I've always loved a good re-issue and this one is mind blowing. Soul Dukes are out of East Orange, New Jersey and sound like they gave Kool & The Gang a run for their money back in the early days of Jersey City's Funky residents. "Soul-69" sounds like it was recorded yesterday and avoids any of the trappings some Funk Instrumentals fall into. The song opens with an actually intro that sets you up for the pace and feel of the music to follow. There is a nice repetitive horn part that eventually curls back to the intro. The sax is the really lead and after each return or statement of the theme the sax takes a couple aggressive solos but always in the pocket. After a third time round there is a break but similar to the sax parts the other musicians pull back rather than drop out. The band plays clean and tight. The groove is measured but not uptight, these guys are swinging. Damn I wish I would have stumbled onto one of these over the years. Oh well, that is why there are reissues. "Jelly Fish" doubles the time of "Soul-69" but despite the fast pace comes off far more Jazzy than the other side. First up is a soloing trumpet which emphasizes the Jazz feel and there is something very cool (progressive) bubling under the surface on with the organ. It is at times spooky or haunting and at other times down, dirty and full of grit. Whoever these guys were they knew how to play. It is a shame they didn't continue and go on to become a household name like Kool & The Gang. Luckily we have this amazing artifact. Thanks Tramp Records!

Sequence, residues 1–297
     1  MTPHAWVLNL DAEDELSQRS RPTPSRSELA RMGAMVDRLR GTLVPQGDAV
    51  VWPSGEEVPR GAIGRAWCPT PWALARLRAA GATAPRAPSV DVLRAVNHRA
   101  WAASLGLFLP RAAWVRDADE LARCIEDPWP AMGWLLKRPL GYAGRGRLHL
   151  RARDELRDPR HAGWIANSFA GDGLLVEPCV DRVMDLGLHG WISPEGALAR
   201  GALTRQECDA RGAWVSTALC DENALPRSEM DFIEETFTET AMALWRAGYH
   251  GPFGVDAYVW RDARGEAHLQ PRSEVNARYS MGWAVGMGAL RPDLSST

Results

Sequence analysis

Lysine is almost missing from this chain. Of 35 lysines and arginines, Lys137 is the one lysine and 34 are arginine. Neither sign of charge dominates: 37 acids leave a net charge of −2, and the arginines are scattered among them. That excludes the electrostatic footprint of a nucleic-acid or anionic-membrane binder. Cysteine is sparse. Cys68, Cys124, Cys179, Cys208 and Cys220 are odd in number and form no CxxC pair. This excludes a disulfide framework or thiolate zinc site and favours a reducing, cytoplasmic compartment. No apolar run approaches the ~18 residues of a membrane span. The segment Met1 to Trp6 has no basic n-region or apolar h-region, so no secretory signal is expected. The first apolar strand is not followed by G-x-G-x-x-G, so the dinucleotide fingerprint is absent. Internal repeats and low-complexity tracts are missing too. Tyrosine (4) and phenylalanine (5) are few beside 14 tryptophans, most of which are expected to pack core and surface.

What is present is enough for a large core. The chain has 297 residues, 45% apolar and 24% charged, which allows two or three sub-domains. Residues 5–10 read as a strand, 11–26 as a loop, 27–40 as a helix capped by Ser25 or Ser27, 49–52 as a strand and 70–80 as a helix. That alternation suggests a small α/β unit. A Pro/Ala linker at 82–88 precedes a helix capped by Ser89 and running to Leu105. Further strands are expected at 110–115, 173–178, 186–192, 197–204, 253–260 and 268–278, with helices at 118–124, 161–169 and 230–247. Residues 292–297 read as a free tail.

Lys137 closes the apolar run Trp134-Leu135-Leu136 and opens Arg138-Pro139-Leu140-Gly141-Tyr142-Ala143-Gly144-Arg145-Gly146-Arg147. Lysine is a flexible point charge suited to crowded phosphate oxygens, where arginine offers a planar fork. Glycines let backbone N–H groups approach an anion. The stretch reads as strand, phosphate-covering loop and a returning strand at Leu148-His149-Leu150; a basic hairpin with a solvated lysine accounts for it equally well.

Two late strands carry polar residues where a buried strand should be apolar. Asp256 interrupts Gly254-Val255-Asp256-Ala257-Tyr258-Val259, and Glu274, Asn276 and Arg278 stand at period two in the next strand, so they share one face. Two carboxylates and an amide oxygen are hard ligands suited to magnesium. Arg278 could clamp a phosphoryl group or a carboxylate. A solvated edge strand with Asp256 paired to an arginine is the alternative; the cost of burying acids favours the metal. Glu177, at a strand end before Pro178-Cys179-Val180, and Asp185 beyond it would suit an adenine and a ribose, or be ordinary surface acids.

The Back Pack is filled with Hardcore records to keep A.O.D. company.